The Amazon cameras are rolling, and the wonder is just how this show is going to go on – or more accurately, how spectacularly it could all fall apart.
Hello and welcome to Arsenal Football Club, a series of perpetual crises framed by self-created issues. Strap in for episodes showcasing a fight against the mistakes of the past and present while offering new ones for the future – with a lack of actual battle on the pitch.
If this seems harsh, if this seems too soon, and if this seems like an extreme version of the reality, let’s recap.
Brentford, away from top-flight football for 74 years, went into the Premier League opener with Arsenal not just prepared for victory, but expecting it.
Thomas Frank, who superbly got his team to maximise the weaknesses of the north Londoners from set-piece situations and aerial duels, admitted that his feeling prior to the fixture was “I would be really disappointed if we didn’t beat them.”
Brentford knew exactly where to hit Arsenal and hurt them because their softness and proclivity to be bullied has become a hallmark.
Kieran Tierney and Emile Smith Rowe offered resistance, but it often appears that the players willing to do everything necessary to advance the club aren’t just battling the opponents, but some of their teammates too.
Pierre-Emerick Aubemeyang and Alexandre Lacazette missed the match through the vague “illness” reason. There has been silence over whether the pair’s absence is Covid-related or when they will return to training with taxing tests against Chelsea and Manchester City on the horizon.
The reports that a debt-drowned Barcelona are interested in Aubemeyang, swiftly denied by Mess Un Club, actually spoke to the fact that either the forward or Arsenal are quite open to offers.
The Catalan side – in the red to the tune of – can’t afford to pay their current squad, with cuts being taken to fall in line with La Liga rules and certainly can’t afford the Gunners’ highest earner.
The contract given to Aubemeyang last September was a neat juxtaposition of where Arsenal are at: trying to save face by not ceding a star, throwing whatever at a depreciating asset aged 32, while supposedly building towards and solidifying the long-term future of the club.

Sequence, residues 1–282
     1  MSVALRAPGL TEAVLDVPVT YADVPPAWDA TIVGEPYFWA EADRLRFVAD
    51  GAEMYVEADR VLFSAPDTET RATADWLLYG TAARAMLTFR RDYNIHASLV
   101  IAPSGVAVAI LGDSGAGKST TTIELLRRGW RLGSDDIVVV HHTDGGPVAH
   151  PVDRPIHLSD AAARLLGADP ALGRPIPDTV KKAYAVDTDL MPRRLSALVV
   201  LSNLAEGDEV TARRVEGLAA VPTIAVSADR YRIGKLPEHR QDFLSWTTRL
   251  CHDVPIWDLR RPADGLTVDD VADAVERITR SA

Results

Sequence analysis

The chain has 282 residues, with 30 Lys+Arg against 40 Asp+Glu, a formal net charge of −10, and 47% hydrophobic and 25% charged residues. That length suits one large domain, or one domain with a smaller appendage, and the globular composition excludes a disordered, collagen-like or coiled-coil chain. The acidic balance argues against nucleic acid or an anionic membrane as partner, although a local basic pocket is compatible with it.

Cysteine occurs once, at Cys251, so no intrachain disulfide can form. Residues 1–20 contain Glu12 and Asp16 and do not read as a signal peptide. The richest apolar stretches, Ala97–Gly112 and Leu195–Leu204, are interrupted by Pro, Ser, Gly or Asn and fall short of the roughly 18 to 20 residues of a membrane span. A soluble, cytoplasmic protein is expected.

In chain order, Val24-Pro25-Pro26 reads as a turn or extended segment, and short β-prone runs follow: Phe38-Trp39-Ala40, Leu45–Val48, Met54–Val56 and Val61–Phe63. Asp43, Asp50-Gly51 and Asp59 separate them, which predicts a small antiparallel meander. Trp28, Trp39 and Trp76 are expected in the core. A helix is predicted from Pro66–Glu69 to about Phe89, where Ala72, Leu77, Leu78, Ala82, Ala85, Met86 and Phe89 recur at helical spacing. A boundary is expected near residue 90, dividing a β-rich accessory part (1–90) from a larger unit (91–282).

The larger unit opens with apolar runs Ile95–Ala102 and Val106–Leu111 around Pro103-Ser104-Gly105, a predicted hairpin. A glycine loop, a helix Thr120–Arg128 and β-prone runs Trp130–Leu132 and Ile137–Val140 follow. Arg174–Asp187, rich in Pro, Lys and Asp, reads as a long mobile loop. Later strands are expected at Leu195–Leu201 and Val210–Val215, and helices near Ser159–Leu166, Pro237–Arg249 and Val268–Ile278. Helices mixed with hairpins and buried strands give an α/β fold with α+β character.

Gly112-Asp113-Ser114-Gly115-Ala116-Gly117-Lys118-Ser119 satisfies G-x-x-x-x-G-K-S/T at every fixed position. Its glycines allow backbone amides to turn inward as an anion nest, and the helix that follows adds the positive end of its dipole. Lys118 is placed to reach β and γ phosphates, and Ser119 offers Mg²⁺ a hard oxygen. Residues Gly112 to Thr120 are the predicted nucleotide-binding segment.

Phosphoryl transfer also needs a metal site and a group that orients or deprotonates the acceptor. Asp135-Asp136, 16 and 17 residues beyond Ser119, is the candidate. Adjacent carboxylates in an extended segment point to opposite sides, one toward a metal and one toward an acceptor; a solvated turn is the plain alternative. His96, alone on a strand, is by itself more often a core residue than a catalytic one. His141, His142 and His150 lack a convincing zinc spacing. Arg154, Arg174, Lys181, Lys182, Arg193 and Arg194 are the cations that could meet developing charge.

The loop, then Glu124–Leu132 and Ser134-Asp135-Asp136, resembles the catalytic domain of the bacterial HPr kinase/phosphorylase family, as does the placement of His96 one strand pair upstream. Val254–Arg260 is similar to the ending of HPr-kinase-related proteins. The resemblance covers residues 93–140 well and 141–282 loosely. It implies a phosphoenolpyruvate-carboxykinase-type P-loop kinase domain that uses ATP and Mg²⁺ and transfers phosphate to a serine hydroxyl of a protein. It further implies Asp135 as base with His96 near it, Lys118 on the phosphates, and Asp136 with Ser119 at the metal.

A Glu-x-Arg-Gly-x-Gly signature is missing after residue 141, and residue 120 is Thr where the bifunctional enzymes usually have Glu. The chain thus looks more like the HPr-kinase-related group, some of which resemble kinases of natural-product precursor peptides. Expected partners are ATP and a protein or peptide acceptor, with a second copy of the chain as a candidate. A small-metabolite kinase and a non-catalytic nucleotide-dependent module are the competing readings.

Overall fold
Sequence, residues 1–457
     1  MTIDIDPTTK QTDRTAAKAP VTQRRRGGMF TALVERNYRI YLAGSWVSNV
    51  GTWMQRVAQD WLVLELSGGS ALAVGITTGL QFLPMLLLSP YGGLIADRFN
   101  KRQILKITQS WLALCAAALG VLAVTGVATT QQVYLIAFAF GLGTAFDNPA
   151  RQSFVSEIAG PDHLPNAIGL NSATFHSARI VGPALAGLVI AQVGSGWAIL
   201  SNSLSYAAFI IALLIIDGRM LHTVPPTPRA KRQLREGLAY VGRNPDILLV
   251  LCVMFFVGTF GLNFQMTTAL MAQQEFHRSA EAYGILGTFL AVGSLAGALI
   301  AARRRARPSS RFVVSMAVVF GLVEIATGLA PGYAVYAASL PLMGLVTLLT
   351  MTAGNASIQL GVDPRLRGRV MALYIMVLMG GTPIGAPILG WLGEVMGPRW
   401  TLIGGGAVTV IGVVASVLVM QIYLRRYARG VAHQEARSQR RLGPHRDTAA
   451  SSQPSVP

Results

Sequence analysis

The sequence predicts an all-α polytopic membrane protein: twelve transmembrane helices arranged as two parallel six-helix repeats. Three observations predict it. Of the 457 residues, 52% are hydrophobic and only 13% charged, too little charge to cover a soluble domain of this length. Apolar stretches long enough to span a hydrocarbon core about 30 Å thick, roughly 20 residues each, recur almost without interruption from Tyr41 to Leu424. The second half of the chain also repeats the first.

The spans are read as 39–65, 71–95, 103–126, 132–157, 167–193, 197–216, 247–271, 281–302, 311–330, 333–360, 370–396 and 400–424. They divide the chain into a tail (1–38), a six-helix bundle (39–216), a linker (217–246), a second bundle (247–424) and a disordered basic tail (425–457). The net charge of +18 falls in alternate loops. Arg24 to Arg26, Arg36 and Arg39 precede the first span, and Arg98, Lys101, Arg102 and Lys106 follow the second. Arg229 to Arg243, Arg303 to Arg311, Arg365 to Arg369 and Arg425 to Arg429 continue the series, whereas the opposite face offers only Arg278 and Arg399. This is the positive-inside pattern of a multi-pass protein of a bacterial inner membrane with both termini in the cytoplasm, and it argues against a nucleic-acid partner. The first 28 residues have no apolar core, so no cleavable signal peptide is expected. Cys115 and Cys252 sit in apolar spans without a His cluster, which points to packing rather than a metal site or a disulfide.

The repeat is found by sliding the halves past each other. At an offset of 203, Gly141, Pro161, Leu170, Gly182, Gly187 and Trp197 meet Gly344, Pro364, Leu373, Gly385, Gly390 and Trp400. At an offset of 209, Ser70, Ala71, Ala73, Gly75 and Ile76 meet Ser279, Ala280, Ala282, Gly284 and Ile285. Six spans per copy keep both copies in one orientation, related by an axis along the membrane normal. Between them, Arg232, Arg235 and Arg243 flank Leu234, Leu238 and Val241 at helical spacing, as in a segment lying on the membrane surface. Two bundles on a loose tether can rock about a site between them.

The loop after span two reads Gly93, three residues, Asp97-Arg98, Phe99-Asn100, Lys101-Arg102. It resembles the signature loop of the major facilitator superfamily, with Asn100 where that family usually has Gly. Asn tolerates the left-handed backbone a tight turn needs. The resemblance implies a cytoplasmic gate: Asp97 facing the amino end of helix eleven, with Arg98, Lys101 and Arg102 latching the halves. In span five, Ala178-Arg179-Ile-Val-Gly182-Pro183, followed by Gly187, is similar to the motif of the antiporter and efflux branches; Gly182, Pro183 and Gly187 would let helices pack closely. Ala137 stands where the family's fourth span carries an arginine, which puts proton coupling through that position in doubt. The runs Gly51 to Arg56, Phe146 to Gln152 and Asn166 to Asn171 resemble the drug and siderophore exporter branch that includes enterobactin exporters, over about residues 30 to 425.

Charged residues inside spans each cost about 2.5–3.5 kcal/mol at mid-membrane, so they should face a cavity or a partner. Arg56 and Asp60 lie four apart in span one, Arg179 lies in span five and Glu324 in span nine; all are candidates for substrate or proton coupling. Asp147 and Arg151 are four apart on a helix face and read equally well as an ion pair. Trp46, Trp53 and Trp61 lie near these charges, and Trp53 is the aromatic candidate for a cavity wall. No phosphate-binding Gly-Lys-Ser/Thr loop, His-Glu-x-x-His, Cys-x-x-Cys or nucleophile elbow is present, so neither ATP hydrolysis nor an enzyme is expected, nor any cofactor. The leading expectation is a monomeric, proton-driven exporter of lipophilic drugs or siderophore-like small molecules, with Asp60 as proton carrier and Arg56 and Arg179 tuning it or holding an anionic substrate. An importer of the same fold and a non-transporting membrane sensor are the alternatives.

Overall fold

While letting Aubemeyang leave would have weakened Arsenal and invited widespread criticism, two sources have told The Independent they fear another contract pay-off situation.
Mesut Ozil, Sokratis and Shkodran Mustafi have already had their deals mutually terminated this year, which was described as “unprecedented.”
But having envisaged a proper clear-out this summer, Arsenal are stuck with players on meaty salaries that they either don’t want or who don’t want to be at the Emirates.
Hector Bellerin is so desperate to depart that he is happy to take a pay cut elsewhere. Willian has given the same utterances to Brazilian media.
Lucas Torreira was tweeting from the Parque Warner theme park in Madrid during the defeat to Brentford.
Sead Kolasinac has been frozen out and Ainsley Maitland-Niles has requested clarity on his future. He was an unused substitute for the opener along with Bellerin and Cedric Soares, with Arteta plumping for new signing Nuno Tavares – a left-back – to replace Calum Chambers on the right flank.
There is uncertainty around Eddie Nketiah, whose potential outgoing has been complicated by an ankle injury.
Granit Xhaka went from having one foot in the exit door to getting a new contract.
There is significant doubt around Bernd Leno’s ability to be a concrete No 1, so a move of around £24m is being pursued for Sheffield United goalkeeper Aaron Ramsdale.
Arsenal’s major incoming, Ben White, was aerially targeting by Brentford on Friday night in a theme that is expected to continue throughout the season.
His use of the ball, excellent in a back-three, was negated in a more traditional set-up and Arteta needs to find a solution to minimise the £50m acquisition’s weaknesses while accentuating his strengths.
Thomas Partey’s presence could help with that, but he is only expected back in training towards the end of August.
Everywhere you turn at Arsenal – with the exception of Bukayo Saka, Tierney, Smith Rowe and Gabriel Martinelli – there are fires to fight.
One former colleague of Arteta’s had warned him against taking the job, saying it was “a club with very big expectations, but too many disasters.”
He’d encouraged the 39-year-old to manage in a “more stable environment,” where the focus would be on his work on the training pitches, in-game tactical tweaks and improvement of young players.
The reality is Arteta is trying to steer a club that believes it should be in the Champions League, when opponents like Brentford feel they are a route to three points.
They cannot defend a long throw, let alone look at the likes of City, Chelsea, Liverpool and Manchester United with any credence that they can challenge them.
Those who have worked with Arteta, both staff and players, believe he has the capabilities to be a top manager – Arsenal’s strong second-half of last season perhaps speaks to this – but he inherited a mess that shows little sign of getting tidier.
It’s only one game in, and already, the “c” word – crisis – is scrawled on the walls and hangs heavy in the air.
If this seems harsh, if this seems too soon, and if this seems like an extreme version of the reality, you haven’t been watching.
“I’m gradually losing interest in Arsenal,” said their former midfielder Emmanuel Petit. “They don’t give me any emotion.”
Many, including Rwanda’s president Paul Kagame, will feel he is one of the lucky ones. On Friday night, the head of state and “big fan” tweeted: “We just must NOT excuse or accept mediocrity.
“A team has to be built with purpose to win win win.”
Strap in, president. It’s going to be a long season.
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